Blockchain and Distributed Ledgers are profoundly important to the future of financial solutions. For instantaneous services, collaborated financial solutions and digital wallets to occur, the manner of how financial institutions (not just banks) settle and reconcile payments needs a complete overhaul. As with banking in general, the current payment networks use mechanisms that resemble how it was achieved prior to the modern technology explosion – it is just now computerised and mainly automated. Instead of medieval merchants using a credit note to travel to purchase goods, this is now sent in the same manner using an electronic version. Blockchain and Distributed Ledgers have recreated how payment networks can work and will allow instantaneous, secure and globalised financial interactions to occur using a global monetary-based denominator. It might not only change how we reconcile our finances, but it could also change how we perceive money and store credit. Ironically, it could displace banks entirely.

What should Retail Banks do?

We must accept that the behaviour and culture of our global major banks are not going to change overnight and that, in some cases, such culture can be consumed as a strength. What must change is the way banks see themselves and their customers, and more importantly how they both interact.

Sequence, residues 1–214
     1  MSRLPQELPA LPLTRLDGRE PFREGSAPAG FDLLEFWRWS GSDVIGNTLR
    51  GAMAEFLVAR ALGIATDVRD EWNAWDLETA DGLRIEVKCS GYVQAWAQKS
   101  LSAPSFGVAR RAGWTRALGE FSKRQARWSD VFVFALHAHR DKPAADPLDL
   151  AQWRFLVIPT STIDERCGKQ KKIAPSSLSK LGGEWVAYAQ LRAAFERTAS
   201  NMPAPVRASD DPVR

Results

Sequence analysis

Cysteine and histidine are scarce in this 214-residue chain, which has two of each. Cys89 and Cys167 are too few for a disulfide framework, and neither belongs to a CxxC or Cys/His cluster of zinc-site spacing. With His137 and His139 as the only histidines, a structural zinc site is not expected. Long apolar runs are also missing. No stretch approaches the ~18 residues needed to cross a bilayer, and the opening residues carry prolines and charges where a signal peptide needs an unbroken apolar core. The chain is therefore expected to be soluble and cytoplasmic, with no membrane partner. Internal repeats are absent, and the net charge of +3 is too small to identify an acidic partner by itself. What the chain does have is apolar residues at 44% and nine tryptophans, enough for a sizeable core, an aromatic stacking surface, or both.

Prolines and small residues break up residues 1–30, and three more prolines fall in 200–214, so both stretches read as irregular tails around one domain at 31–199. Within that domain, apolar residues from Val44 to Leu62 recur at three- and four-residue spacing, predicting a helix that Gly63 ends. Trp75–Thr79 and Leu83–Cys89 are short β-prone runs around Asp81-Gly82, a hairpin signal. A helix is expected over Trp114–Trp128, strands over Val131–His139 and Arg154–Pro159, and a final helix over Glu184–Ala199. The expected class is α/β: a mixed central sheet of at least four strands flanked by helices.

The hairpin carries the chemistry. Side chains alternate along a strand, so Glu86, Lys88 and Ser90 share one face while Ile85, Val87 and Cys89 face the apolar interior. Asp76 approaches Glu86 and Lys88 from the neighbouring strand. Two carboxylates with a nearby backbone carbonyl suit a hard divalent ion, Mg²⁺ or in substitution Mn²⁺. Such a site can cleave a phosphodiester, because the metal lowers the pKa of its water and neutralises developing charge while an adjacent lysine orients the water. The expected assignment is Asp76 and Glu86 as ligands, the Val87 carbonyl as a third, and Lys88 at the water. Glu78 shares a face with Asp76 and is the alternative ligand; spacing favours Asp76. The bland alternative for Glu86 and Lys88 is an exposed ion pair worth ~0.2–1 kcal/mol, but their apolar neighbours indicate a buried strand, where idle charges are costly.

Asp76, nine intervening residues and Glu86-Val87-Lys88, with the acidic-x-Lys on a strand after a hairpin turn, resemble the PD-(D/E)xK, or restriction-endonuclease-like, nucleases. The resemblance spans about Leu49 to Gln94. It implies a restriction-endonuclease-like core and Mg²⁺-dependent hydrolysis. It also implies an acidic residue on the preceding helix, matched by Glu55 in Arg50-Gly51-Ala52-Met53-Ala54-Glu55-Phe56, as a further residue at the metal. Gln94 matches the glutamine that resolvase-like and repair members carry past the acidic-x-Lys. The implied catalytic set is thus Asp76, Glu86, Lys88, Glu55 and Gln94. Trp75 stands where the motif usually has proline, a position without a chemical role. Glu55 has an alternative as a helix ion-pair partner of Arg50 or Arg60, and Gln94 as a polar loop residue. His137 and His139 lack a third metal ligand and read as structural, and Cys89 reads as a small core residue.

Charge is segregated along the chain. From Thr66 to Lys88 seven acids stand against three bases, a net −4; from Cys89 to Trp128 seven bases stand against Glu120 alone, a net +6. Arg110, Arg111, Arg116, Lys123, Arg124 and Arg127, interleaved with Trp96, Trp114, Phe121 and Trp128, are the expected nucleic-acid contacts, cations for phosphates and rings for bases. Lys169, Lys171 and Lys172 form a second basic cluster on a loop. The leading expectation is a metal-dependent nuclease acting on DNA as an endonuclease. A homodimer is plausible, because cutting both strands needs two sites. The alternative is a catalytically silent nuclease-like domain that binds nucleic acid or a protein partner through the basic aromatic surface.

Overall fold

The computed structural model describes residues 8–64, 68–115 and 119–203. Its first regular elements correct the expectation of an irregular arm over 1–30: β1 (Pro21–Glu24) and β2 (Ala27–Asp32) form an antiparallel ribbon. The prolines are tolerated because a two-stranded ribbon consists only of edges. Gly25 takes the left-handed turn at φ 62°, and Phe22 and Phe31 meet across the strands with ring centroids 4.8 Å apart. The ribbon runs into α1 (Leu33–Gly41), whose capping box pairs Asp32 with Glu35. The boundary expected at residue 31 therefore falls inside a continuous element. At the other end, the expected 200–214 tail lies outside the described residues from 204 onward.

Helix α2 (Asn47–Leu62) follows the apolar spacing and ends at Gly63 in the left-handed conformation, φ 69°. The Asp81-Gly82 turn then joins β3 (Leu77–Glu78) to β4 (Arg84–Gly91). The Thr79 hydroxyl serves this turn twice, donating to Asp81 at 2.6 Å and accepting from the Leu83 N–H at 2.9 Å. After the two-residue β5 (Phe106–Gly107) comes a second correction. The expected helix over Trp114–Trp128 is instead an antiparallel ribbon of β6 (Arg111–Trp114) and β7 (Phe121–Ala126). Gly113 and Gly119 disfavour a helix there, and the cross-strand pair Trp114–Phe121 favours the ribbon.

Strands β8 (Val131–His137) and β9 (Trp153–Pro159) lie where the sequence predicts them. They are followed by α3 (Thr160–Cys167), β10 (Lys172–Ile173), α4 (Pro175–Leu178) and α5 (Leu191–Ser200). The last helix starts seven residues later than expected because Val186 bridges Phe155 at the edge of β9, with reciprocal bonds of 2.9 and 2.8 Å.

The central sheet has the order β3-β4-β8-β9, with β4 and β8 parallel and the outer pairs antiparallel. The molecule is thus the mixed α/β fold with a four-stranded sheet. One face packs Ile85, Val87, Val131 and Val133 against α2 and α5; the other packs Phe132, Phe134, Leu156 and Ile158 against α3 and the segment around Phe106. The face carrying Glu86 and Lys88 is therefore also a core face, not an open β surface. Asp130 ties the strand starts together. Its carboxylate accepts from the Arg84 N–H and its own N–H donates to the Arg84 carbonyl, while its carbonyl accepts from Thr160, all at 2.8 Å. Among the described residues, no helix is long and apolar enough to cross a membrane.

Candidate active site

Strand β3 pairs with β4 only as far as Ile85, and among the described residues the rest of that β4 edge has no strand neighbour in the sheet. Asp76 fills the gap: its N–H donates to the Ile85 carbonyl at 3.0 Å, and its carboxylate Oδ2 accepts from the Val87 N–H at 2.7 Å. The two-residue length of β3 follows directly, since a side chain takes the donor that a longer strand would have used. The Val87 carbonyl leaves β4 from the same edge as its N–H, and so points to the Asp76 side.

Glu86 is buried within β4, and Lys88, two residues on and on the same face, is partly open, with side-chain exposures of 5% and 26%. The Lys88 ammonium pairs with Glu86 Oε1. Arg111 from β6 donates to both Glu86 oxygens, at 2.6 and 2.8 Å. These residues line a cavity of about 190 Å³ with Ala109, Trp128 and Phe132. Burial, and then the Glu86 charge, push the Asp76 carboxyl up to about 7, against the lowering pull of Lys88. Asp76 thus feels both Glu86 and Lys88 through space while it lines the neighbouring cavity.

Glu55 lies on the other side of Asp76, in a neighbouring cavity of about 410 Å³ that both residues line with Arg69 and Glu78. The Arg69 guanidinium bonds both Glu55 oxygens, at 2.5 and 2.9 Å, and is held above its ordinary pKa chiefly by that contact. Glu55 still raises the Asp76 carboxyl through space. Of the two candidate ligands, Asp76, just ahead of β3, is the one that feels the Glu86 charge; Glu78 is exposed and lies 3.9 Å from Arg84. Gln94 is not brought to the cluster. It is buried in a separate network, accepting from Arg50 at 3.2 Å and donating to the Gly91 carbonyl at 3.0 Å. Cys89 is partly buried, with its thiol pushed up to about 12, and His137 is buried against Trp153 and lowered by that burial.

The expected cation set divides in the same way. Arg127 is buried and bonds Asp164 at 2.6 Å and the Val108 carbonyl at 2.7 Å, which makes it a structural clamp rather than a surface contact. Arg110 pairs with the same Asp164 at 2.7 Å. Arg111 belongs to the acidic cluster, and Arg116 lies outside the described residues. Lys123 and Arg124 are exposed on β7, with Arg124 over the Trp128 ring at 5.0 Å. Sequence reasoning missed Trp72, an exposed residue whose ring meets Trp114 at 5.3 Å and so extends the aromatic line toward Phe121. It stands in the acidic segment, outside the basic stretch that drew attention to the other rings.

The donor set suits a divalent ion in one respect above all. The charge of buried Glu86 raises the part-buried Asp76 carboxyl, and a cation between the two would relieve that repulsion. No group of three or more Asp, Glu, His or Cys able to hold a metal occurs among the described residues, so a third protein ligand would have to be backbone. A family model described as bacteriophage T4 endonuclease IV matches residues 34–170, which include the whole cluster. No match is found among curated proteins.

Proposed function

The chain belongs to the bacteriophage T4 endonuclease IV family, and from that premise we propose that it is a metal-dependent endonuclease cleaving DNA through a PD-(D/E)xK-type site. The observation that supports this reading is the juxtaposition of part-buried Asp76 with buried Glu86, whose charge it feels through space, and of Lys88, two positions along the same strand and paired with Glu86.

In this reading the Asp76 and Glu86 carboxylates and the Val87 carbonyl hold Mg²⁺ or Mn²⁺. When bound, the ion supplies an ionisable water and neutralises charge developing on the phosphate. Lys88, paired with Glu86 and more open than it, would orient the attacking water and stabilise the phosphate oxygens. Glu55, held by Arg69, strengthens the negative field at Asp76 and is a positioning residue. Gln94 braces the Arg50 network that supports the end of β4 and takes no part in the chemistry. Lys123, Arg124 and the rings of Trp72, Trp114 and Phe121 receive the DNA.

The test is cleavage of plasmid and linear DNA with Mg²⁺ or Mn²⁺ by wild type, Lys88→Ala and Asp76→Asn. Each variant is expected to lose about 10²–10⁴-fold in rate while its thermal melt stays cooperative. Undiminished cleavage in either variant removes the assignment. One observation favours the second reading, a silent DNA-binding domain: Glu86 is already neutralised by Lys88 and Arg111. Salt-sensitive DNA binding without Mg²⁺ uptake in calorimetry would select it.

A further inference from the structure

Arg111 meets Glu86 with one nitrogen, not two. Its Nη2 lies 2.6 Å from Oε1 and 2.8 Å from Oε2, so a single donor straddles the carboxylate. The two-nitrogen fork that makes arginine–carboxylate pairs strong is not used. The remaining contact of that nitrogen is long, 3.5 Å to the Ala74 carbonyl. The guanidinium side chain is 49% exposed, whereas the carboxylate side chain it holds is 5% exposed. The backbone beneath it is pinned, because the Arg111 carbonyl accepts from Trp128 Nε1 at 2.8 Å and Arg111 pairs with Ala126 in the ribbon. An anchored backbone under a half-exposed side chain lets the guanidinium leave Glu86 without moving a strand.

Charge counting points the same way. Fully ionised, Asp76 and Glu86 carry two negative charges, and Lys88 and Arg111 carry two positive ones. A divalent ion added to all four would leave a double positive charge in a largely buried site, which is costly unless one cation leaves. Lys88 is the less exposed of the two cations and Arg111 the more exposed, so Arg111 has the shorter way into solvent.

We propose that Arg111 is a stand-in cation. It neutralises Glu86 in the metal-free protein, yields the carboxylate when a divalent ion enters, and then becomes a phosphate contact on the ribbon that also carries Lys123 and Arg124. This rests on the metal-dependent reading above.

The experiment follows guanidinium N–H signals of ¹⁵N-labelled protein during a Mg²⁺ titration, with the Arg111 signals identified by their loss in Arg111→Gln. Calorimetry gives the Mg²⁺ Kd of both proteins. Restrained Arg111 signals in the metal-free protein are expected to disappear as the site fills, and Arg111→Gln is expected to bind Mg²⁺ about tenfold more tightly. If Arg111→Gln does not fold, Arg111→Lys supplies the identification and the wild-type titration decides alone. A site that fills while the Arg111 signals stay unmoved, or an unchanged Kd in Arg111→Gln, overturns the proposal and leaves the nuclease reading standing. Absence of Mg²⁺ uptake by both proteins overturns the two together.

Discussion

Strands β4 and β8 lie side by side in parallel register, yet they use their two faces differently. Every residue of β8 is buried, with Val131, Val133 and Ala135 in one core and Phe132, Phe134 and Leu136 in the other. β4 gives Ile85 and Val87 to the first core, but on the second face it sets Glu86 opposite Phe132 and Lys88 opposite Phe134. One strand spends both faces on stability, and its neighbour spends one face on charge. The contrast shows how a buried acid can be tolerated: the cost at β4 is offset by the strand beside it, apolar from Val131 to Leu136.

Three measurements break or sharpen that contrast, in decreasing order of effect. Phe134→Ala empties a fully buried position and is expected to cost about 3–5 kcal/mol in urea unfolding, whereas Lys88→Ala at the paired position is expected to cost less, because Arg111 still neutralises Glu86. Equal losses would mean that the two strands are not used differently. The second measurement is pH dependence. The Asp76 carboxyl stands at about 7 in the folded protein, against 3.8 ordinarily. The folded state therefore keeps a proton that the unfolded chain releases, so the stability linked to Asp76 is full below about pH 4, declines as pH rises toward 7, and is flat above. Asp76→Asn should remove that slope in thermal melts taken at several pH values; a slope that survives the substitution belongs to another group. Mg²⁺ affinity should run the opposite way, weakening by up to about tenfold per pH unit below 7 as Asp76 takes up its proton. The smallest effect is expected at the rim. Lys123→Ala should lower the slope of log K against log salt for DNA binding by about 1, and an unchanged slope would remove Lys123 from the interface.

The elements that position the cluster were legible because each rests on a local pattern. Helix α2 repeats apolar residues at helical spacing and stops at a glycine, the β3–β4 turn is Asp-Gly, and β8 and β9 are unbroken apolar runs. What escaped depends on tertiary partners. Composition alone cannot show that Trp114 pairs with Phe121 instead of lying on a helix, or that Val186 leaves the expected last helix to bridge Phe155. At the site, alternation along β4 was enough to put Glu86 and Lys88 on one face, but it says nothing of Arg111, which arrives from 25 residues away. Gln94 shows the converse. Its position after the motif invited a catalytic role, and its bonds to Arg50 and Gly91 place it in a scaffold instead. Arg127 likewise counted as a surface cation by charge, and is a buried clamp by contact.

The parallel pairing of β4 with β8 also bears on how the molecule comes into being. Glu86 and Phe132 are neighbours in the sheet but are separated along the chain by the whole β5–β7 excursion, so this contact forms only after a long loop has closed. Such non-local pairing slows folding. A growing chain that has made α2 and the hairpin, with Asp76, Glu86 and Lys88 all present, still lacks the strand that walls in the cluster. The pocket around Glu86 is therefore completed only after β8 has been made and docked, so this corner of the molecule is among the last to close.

Design Thinking is a customer-focused methodology that goes beyond the obvious requirements to highlight key needs and behaviour observations. Used correctly, although it considers existing operations and technologies as part of its process, an identified solution should adopt a first principles approach. This is extremely relevant because, until such a time that our children take over our roles, banking services are still being designed by ‘digital aliens’. This needs to be done in collaboration with the ‘digital native’ to have any success of future-proving and being revolutionarily innovative.

Digital Aliens need to collaborate with Digital Natives i.e. future banking customers!

It is equally important that banks accept that products and services designed hundreds of years ago, using operational functions and IT systems designed thirty or so years ago, need to change to address the modern demands of the consumer and keep pace with how information technology is transforming the world.

A siloed mentality to addressing banking problems by banks is not going to work. Banks need to accept that the way forward is collaboration. Working alongside FinTechs and the Technology Industry giants, banks can use external experience and knowledge to transform how they operate and consume technology; enriching not only the banks profits but also the lives of the ‘digital alien’ and ‘digital native’.

Author: Ian Roberts, Principal Consultant/Architect at DXC

 

Interested in finding out how your bank can digitally transform? Register for our webinar

Understand how easy it can be to transform and revolutionise your customers’ banking experience. Join our ‘Rapid Banking Transformation with Connected Bank-as-a-Service’ webinar on 30 July 2020 or watch it on-demand.

For further details or to discuss your future banking needs, visit our DXC Connected Banking-as-a-Service page our Banking & Capital Markets team at busappsuki@dxc.com for further details and to discuss your future banking needs.

Author: 
DXC Technology